Photographer for the Times of India at the beginning of the 20th century
Bert Scott was Jason's grandpa and a source of inspiration for Jason. Here he tells his grandpa's story.
My family came to India in 1798 when James Scott Savory joined the East India Company as a writer of the Records of State. He was the second assistant under the Collector of Krisnagearry (Krishnagiri).
Bert Scott was my grandfather and son of Algernon Edwin Scott and Desiree Marie Louise Josephene Lefevre, (she was the daughter of a French professor of English from Pondicherry). Algernon Scott (Bert’s father) worked for the ‘Salt and Abkeri’ before he joined the army and went to Mesopatamia region from 1916-1919. After Algernon Scott left Mesopotamia he then went to the North West Frontier province until 1921 when he was discharged as Lieutenant. In 1925 he joined Burmah Oil company until 1933 he worked at Caltex until the out break of War.
Grandpa was born in Bangalore in 1915. He was educated at the famous ‘Eton of the East’, Bishop Cottons school, before he joined the Times of India in 1936 as a press photographer, where he worked until the out break of World War II.
He initially joined up as a ‘gunner’ but soon took the job as Head Photographer for the Indian Army. During the second world war where he worked out of GHQ New Delhi (Now Parliament). His duties include photographing ceremonies and Japanese positions behind enemy lines in Burma.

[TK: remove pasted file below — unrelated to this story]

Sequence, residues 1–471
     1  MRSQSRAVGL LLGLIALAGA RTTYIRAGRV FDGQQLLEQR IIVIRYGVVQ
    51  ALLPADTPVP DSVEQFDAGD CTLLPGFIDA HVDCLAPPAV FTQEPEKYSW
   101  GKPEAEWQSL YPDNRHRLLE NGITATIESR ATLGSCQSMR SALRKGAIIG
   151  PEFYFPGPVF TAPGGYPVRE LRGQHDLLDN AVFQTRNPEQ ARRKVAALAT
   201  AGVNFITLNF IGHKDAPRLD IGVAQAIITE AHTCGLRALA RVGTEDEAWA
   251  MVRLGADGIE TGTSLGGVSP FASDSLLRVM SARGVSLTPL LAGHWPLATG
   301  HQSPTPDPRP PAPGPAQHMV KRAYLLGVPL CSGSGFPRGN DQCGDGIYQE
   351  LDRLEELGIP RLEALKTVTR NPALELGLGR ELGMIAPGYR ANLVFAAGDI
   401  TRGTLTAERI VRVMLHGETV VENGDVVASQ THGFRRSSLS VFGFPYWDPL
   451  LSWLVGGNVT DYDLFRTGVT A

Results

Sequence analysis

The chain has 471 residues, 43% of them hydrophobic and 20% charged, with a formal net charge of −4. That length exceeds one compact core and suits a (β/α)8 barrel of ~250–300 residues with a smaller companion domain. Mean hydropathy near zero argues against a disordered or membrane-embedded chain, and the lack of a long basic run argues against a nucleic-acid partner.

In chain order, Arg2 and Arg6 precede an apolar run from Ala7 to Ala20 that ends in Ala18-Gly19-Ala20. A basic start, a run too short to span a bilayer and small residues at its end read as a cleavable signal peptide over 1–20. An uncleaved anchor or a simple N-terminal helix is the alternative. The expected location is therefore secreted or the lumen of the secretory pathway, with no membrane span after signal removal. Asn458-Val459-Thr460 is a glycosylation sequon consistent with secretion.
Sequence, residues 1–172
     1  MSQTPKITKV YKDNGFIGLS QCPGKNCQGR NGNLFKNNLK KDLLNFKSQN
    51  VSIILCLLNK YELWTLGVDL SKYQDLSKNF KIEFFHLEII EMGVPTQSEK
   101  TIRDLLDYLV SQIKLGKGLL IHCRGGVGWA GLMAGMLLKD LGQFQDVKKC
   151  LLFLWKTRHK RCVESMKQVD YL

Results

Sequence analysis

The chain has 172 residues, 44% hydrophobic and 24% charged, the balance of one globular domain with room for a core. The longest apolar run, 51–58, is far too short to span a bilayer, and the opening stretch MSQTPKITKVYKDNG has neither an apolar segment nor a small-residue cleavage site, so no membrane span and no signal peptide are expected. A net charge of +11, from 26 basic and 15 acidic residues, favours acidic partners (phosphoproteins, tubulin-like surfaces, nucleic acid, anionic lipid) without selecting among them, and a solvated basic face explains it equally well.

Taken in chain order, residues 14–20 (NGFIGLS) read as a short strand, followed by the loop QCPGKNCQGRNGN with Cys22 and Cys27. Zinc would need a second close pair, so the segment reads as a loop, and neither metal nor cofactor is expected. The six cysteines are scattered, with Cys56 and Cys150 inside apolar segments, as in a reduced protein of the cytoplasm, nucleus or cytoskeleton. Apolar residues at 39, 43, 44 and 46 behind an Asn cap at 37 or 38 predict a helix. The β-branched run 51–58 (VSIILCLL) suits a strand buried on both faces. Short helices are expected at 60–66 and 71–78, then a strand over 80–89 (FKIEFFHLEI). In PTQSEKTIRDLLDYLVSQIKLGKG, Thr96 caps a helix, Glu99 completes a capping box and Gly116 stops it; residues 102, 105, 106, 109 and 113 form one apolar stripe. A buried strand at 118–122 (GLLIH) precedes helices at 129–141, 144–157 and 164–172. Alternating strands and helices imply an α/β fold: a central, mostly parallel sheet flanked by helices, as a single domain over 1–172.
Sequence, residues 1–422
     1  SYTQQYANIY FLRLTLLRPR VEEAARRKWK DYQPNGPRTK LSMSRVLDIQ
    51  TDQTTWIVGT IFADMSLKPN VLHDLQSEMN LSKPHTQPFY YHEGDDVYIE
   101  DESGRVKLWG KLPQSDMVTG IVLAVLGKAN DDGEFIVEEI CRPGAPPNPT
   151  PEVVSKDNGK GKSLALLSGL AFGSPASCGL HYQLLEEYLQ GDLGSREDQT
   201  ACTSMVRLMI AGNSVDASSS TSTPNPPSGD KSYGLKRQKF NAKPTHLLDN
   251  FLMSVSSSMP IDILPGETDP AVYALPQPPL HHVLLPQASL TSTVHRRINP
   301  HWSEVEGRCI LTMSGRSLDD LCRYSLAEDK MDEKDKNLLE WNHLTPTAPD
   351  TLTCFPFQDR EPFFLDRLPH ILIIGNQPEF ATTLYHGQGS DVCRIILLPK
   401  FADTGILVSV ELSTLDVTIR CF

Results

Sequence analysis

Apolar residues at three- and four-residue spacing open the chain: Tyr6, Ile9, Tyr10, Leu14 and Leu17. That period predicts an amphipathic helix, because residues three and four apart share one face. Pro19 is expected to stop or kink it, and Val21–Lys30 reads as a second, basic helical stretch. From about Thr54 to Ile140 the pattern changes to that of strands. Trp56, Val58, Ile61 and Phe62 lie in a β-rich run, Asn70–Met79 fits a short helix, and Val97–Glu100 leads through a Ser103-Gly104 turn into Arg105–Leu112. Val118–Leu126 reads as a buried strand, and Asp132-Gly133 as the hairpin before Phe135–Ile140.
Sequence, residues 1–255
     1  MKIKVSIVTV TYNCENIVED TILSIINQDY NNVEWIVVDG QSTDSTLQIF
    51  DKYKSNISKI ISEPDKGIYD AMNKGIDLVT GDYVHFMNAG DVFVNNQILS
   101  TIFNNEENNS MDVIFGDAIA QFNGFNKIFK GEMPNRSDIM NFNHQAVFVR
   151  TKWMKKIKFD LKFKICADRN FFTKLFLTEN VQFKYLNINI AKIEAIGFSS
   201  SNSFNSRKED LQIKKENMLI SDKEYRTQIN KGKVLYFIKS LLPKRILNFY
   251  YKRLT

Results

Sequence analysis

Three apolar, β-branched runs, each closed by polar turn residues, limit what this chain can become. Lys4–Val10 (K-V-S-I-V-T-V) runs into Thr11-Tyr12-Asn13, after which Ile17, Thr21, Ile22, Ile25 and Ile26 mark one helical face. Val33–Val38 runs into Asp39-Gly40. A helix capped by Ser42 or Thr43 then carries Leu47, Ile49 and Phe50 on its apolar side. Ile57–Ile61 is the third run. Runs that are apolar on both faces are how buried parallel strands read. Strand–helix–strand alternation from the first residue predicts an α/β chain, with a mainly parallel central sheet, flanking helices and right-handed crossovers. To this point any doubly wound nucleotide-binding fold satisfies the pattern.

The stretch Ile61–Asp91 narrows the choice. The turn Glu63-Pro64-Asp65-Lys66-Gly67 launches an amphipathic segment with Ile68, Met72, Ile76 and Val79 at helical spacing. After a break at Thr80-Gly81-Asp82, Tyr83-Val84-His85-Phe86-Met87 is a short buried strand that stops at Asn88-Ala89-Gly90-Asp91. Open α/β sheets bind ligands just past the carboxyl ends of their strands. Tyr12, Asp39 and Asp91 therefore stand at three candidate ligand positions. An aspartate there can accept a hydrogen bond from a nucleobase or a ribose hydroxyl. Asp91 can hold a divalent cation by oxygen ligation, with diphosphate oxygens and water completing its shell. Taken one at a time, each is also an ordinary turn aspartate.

He was in position on 14th August 1947 to photograph the hand over of power and watched as the Mountbattens left Viceroy's House (Rashtrapati Bhavan). During the troubles of partition, because my family were Anglo Indian, they fled from Delhi to Bombay, and then took a ship to the new country of Pakistan where in November of that same year they left for a new life in the United Kingdom, settling in Coventry.
My grandfather married Doll Miles at the church of redemption in New Delhi and 1943 and my mother Anne Scott was born later that year in Amritsar, Punjab, whilst he was away on active duty during the war.
"Is Bertie here?"— Lovedale
During his research into his grandpa's life, Jason discovered a well-preserved collection of photographs of a young woman who was not his grandma. This was Marguerite, and Jason's journey to eventually find her is compelling, life affirming and heart breaking at the same time.
In 2017 Jason intends to return to Lovedale to respond to this story with a new body of work.